GØGGS

Album Review of GØGGS by GØGGS.

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GØGGS

GØGGS

GØGGS by GØGGS

Release Date: Jul 1, 2016
Record label: In the Red Records
Genre(s): Pop/Rock

74 Music Critic Score
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GØGGS - Very Good, Based on 6 Critics

AllMusic - 80
Based on rating 8/10
80

Ty Segall seems to form new bands roughly as often as most folks do their laundry, but the guy is good enough that the results are nearly always rewarding, and that's certainly the case with GØGGS. Teaming up with Chris Shaw of Ex-Cult and Charles Moothart of Fuzz and CFM, Segall has fashioned a 26-minute blast of furious, spazzed-out punk rock for GØGGS' self-titled debut album. Built around hard, buzzy volleys of guitar abuse, relentless pummeling of drums, and feral howling, GØGGS is a master's class in bad karma, with Shaw spitting out his rage about life along the margins in California with impressive ferocity.

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Pitchfork - 74
Based on rating 7.4/10
74

As one of the most prolific artists in garage rock, Ty Segall faces a slightly uphill battle where his side bands' staying power is concerned. With eight strong solo albums and 20 collaborations released over the past eight years, the axeman’s discography is a genre stronghold, and a veritable wellspring for guitar nerds. But unless you’re a Segall stan, it can be tough to distinguish the IIs from the Twins, the Sleepers from the Slaughterhouses, the collaborations with White Fence or Mikal Cronin.

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Consequence of Sound - 72
Based on rating B
72

It might be easier to count the records Ty Segall hasn’t been on over the past few years than the ones he has. He’s a truly prolific musician, so in love with creating sound, both for himself and in collaboration with his friends. And as exciting as hearing his distinctive caterwauling layered over the buzz of his guitar, some of the most interesting projects he’s taken on are the ones that see him take a back seat to another vocalist, concentrating his energy on shredding his axe or pounding the drums.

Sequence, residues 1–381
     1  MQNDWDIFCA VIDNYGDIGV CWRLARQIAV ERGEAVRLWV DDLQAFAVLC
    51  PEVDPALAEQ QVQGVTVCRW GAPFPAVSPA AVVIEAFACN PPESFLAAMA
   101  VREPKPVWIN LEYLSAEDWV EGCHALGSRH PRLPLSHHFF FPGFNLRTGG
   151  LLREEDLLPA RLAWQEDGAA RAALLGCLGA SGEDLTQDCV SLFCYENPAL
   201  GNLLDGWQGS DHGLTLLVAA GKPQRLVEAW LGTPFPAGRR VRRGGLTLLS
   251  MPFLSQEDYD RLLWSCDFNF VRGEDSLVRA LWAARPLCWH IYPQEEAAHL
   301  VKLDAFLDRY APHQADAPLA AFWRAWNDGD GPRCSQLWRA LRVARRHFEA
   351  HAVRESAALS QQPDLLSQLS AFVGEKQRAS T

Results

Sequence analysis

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Exclaim - 70
Based on rating 7/10
70

GØGGS' eponymous debut release begins with a crunch of feedback and the shouted proclamation of "We are not scared!"GØGGS (which, despite Google Translate thinking it's a Danish word, is actually entirely made up and means nothing at all) is the holy moly trinity of fuzz king Ty Segall, fellow Fuzz bandmate Charles Moothart and Ex-Cult vocalist Chris Shaw, a trio that first dabbled with the notion of collaborating back in 2013. Pieced together at Segall's LA home studio, with the (truly) prolific Segall taking on many roles in its production and being the dude behind the drums, GØGGS feels like something that these three have wanted to get out of their system for quite some time. The result is everything one familiar with these three would expect it to be: it hits hard, like a fuzzed out punk punch to the gut.

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Los Angeles Times
Their review was only somewhat favourable

On its debut album, Los Angeles three-piece sludge rock band GØGGS tears through 10 songs in a little more than 25 minutes, laying waste via lyrics about a Glendale junkyard, the assassination of a doctor, some sort of needle swap and the local proto-punk band Würm. At least according to the titles. Screamer Chris Shaw’s gnarled garble nearly drowns inside the rumble.

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NOW Magazine
Their review was only somewhat favourable

Garage rocker Ty Segall can't seem to go a month without releasing something new, and the latest is the debut album from GØGGS, his project with Fuzz collaborator/guitarist extraordinaire Charlie Moothart and Chris Shaw (Ex-Cult), who sings. Segall's live band members Cory Hanson (Wand), Mikal Cronin and Denée Petracek (VIAL) also appear on the album. Recorded in Los Angeles during the summer of 2015, the 10-song release is noisy, messy stuff.

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